The religious philosopher and poet Hryhory Skovoroda (1722-1794) is described by many as the Ukrainian Socrates and was one of the most learned men of his time. He was a polyglot who knew the Bible virtually by heart, as well as the writings of the Church Fathers and the literature of Greek and Roman antiquity. The eminent literary critic Ivan Dziuba considers Skovoroda the greatest Ukrainian mind ever. And Yuri Andrukhovych, one of the most prominent Ukrainian writers of today, calls him `the first Ukrainian hippie` on account of his itinerant lifestyle and rejection of worldly life. The impact of Skovoroda`s life and works has been well documented on major writers in future generations, such as Leo Tolstoy, Andrei Bely and Pavlo Tychyna, to name but a few.
None of Skovoroda`s works appeared during his lifetime - they were first published in 1837 in Moscow. The texts of Skovoroda`s writings were preserved mostly by Skovoroda`s lifelong friend Mykhailo Kovalynsky, to whom he had given the manuscripts. Skovoroda`s extant writings consist of a collection of thirty poems entitled The Garden of Divine Songs along with other occasional poems, a collection of fables entitled Kharkiv Fables, which was published in 1990, and seventeen philosophical treatises. Most of the treatises were composed during the latter part of his life.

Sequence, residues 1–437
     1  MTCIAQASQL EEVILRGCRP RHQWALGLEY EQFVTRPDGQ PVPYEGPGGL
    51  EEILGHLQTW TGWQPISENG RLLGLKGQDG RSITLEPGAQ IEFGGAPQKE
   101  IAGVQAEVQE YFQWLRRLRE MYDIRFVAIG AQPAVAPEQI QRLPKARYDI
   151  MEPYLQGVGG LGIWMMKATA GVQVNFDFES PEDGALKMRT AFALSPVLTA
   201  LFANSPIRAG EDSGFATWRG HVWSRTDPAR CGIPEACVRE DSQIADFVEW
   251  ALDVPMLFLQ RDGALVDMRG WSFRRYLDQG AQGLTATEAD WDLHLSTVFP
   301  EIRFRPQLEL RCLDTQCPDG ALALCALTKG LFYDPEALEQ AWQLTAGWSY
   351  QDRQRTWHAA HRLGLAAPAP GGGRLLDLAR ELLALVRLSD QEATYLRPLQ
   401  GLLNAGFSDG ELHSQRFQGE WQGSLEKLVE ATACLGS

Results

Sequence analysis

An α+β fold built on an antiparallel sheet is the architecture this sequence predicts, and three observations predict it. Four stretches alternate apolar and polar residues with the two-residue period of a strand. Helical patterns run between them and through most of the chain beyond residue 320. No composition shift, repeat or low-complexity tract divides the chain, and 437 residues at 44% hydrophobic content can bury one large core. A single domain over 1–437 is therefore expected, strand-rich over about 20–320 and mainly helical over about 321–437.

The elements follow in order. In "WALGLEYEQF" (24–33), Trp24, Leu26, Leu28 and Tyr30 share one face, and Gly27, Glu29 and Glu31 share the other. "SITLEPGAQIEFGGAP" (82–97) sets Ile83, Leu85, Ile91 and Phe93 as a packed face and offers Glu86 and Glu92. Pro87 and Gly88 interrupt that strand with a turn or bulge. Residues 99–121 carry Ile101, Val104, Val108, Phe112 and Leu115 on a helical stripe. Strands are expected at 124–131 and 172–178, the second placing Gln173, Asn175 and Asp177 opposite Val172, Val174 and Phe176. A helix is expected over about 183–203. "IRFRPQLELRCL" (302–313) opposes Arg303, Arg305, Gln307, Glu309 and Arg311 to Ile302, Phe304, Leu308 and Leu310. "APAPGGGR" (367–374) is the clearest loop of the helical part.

The letters of Skovoroda are appearing in their entirety here in English for the first time, accompanied by a guest introduction by Leonid Rudnytzky.
Skovoroda was born on December 3, 1722 to a poor Cossack family in the village of Chornukhy in Ukraine, which was then part of the Russian Empire. He studied at the famed Kyiv-Mohyla Academy at various times in his life, but never completed his studies in theology. From 1741-1744 he lived in Moscow and Petersburg, serving in the imperial choir of the Russian Empress Elizabeth I. He spent the period 1745-1750 living in Tokai, Hungary, where he was musical director of a Russian mission.
After returning to Kyiv in 1750, he taught poetics in Pereyaslav. For a large part of 1753-1759 he worked as a tutor for the son of the landowner Stepan Tomara. After that, he taught poetics, syntax, Greek, and ethics at the Kharkiv Collegium for ten years, but left the position after personal attacks on his teachings. After undergoing a spiritual crisis, he decided to devote his life entirely to God and to a life of poverty.
For the rest of his days, he lived the life of a wandering religious hermit, traveling with just a Bible in his knapsack and few other worldly possessions. He stayed with various friends, often giving lessons in exchange for food and lodging. Three days before his death, in 1794, he began digging his own grave and requested that the following epitaph be inscribed on his tombstone: `The world tried to catch me but never could,` meaning that the material aspects of earthly life were never able to seduce him.
Taal / Language : English
Levertijd: 5 tot 7 werkdagen
|Andere titels binnen de rubriek:|
|Literaire fictie algemeen